OCHA / NIGERIA GRIFFITHS VISIT

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21-Jan-2022 00:03:00
The Under-Secretary-General for Humanitarian Affairs and Emergency Relief Coordinator (USG/ERC), Martin Griffiths, concluded a four-day visit to Nigeria on Thursday. He saw first-hand the humanitarian situation and response in the north-east, and to raise international awareness about the deteriorating humanitarian situation and bring attention to the ongoing regional conflict affecting the Lake Chad basin. OCHA

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STORY: OCHA / NIGERIA GRIFFITHS VISIT
TRT: 3:00
SOURCE: OCHA
RESTRICTIONS: NONE
LANGUAGE: NATS

DATELINE: 19-20 JANUARY 20, 2022, BAMA, DAMASAK, BORNO, NORTH-EAST NIGERIA

SHOTLIST:

1. Various shots, Under-Secretary-General and Emergency Relief Coordinator, Mr. Martin Griffiths, viewing from the Helicopter Bama IDP camp aerial view.
2. Various shots, Martin received by the Camp Coordination & Camp Management team managing the Bama GSSS IDP camp where about 40,766 individuals (11,420 households) in GSSSS IDP Camp out of which 71 per cent are children and women live. More than 75 per cent of the IDPs registered in the camp are from inaccessible villages around Bama LGA, namely: Tasawa, Bulamari, Kacelure, Kotembe, Landini, Kalifate, Nduguno, Dipchari, Jere, Dar-Jama
3. Various shots, Martin with UN Nigeria Resident/Humanitarian Coordinator, Matthias Schmale and partners on a tour of the GSSS IDP camp in Bama with camp managers IOM, UNHCR, local partners in
4. Various shots, Martin met one of the teenagers living in the camp at his family’s shelter saying, “they say there's nobody left in their village…"they've no idea of the future."
5. Various shots, condition in the Bama GSSS camp.
6. Various shots, Martin and team talking to group of wo women in Bama GSSS IDP camp affected by conflict especially those newly returned from Maiduguri, Borno state, the epicenter of the conflict in north-east Nigeria following closure of all IDP camps by the state government.
7. Various shots, Martin with conflict-affected men in Damasak, the headquarters of Mobbar Local Government Area (LGA) on the shores of the Lake Chad, 160 kilometers north-west of Maiduguri, the Borno State capital, where Nutrition situation is classified as severe, requiring immediate actions to treat and prevent acute malnutrition as well as address risk factors that may further aggravate the situation.
8. Various shots, Martin at a nutrition stabilization center in Bama town where women and children are admitted due to nutritional crisis among women and children. Footage of women waiting and Martin in the ward talking to admitted children and women at the center for malnutrition cases.
9. Various shots, Life in Bama camp.

STORYLINE:

The Under-Secretary-General for Humanitarian Affairs and Emergency Relief Coordinator (USG/ERC), Martin Griffiths, concluded a four-day visit to Nigeria on Thursday (20 Jan).

The UN humanitarian chief travelled to the country to see first-hand the humanitarian situation and response in the north-east, and to raise international awareness about the deteriorating humanitarian situation and bring attention to the ongoing regional conflict affecting the Lake Chad basin.

In Nigeria, the USG/ERC met with the Vice-President and members of the Federal Government, the Chief of Defence Staff, as well as the Governor of Borno State. In the north-east, he met with Nigerians who have been affected by the violence, as well as humanitarian partners, in Maiduguri, Bama and Damasak.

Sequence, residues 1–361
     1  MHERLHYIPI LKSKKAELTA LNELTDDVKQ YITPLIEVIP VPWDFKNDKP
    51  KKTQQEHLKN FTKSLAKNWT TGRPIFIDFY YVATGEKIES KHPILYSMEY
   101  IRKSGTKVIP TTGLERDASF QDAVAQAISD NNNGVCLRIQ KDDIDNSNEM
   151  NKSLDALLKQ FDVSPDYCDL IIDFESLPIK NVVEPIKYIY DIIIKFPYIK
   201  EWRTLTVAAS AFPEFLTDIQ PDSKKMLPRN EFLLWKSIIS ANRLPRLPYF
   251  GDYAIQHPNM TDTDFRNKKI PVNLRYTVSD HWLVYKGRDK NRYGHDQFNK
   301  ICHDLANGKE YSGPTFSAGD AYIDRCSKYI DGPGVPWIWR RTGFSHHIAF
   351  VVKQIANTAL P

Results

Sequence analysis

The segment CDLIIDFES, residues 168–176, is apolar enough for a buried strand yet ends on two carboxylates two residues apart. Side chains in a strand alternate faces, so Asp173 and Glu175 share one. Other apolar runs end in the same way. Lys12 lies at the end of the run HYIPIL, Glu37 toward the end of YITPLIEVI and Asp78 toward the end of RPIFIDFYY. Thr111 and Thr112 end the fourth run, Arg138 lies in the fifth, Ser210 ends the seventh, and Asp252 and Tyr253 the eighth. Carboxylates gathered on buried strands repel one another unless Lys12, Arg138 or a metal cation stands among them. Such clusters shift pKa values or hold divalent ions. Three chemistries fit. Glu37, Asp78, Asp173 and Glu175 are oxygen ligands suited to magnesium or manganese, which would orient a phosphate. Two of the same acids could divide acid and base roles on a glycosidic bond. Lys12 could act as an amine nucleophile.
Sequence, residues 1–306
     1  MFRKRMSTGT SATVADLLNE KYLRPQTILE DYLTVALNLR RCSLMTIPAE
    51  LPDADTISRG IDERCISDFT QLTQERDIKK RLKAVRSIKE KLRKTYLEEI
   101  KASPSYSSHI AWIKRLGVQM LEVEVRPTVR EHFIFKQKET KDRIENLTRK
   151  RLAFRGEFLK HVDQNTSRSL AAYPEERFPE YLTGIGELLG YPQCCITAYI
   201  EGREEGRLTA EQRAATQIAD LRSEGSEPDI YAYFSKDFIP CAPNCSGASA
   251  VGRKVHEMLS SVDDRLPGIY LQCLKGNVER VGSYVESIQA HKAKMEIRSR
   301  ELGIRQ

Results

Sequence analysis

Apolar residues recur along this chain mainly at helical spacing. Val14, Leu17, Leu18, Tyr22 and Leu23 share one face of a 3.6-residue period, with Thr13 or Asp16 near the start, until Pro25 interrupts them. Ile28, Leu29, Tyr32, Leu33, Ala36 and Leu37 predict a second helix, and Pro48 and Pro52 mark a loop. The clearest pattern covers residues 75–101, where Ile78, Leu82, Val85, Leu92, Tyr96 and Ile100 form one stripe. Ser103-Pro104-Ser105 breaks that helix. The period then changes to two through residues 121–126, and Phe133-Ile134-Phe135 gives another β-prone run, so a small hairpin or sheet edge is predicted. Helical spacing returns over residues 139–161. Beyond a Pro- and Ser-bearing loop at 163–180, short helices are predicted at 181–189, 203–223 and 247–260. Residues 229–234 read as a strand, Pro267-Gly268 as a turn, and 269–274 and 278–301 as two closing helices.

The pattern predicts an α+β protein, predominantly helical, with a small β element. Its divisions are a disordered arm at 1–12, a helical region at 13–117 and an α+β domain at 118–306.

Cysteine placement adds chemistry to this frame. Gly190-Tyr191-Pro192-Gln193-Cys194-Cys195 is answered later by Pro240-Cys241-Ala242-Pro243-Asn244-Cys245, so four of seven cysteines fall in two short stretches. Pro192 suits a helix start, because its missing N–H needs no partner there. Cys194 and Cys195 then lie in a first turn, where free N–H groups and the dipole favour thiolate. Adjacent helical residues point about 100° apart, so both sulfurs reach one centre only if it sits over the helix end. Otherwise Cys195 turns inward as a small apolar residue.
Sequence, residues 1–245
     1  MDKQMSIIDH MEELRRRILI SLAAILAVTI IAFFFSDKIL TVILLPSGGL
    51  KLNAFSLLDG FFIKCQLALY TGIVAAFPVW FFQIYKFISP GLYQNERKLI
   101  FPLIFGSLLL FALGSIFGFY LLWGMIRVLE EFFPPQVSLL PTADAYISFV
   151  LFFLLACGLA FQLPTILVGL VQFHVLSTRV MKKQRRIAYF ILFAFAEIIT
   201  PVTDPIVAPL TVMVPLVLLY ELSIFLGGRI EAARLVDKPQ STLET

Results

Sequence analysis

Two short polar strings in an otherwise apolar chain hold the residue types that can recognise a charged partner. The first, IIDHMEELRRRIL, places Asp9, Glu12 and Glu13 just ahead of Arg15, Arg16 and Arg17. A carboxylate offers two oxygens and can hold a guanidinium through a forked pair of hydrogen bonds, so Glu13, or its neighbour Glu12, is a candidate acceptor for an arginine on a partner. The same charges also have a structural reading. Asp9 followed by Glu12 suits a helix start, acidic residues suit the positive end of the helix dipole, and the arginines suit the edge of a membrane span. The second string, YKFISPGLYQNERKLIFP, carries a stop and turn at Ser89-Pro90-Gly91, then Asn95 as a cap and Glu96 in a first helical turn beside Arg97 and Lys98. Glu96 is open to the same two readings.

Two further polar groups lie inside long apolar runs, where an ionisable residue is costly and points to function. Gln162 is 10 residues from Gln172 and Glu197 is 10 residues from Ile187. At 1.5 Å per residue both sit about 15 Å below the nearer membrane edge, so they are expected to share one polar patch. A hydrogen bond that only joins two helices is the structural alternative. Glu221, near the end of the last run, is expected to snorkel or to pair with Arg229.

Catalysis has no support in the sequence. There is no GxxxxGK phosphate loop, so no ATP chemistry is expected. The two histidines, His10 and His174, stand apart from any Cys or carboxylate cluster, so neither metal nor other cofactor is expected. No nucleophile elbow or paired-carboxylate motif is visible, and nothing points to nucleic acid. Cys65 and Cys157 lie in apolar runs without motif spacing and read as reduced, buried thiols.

The conflict in the Lake Chad basin has taken a heavy toll on communities across border areas of Nigeria, Cameroon, Chad and Niger, putting more than 10 million people at risk and in need of humanitarian assistance.

During his visit to Damasak, on the border with Niger, Mr. Griffiths heard from women and families displaced by the violence. They told him of their hopes to return home, yet they despaired that they were unable to plan for a better future given continuing insecurity and attacks by armed groups.

Mr. Griffiths said, “it’s heartbreaking to see the deep impact of the violence and repeated displacement for so many. Yet the people I met demonstrated amazing courage in the face of vicious violence, killings, kidnappings, repeated displacement and sometimes bare survival. In Bama, women told stories of having escaped from years of armed group captivity only weeks ago. It is our duty to help them rebuild their lives.”

“I also had the chance to meet with the Governor of Borno State, who conveyed the commitment of authorities to improve security and build resilience for the most vulnerable. We will redouble our collective efforts to improve protection of civilians and humanitarian access, and seek durable solutions out of crisis wherever possible.”

“It is clear we share a common objective: upholding the dignity of Nigerians and finding ways to ease the suffering too many of them face today. People are yearning for security, livelihoods and better access to social services, and we stand ready to make this a reality with the Government and our humanitarian partners.”

Mr. Griffiths also met with humanitarian workers in Bama and Damasak and heard first-hand of the challenges they face in reaching people in need.

He said, “brave humanitarian workers, most of them Nigerians themselves, work tirelessly and often at great personal risk to help others. I deeply admire their commitment and, in turn, commit myself to advocating for their safety, and for the necessary support to the people they serve.”

In 2021, the humanitarian community reached more than 5 million people in need in Nigeria. The 2022 Nigeria Humanitarian Response Plan, slated for launch in February, requires just over $US1 billion. It sets out the humanitarian community’s plan to assist 8.4 million people in need this year.
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